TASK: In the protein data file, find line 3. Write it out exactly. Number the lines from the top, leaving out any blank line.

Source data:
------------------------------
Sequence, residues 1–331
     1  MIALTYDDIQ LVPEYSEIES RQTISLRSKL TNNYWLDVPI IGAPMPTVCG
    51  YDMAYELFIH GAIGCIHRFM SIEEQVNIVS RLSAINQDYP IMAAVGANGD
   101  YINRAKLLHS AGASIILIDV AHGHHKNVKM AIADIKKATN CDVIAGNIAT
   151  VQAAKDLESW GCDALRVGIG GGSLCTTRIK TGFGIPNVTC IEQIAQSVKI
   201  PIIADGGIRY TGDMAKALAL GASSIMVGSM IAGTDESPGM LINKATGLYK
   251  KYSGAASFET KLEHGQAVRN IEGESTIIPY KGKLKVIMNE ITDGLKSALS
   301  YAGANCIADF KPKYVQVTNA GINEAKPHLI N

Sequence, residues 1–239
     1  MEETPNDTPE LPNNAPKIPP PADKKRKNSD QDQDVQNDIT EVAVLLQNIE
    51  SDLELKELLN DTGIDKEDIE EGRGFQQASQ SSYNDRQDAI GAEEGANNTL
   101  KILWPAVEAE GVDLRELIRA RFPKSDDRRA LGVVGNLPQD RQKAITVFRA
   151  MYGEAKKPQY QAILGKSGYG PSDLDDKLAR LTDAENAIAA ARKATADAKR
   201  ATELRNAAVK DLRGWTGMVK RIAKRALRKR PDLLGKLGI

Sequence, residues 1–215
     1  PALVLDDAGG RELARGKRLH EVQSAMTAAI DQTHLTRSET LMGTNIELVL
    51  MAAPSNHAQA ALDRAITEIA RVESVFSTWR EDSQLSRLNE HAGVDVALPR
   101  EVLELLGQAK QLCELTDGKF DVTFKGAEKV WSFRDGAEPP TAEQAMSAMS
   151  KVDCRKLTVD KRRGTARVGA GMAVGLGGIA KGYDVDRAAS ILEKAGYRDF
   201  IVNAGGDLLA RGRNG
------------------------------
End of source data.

    51  YDMAYELFIH GAIGCIHRFM SIEEQVNIVS RLSAINQDYP IMAAVGANGD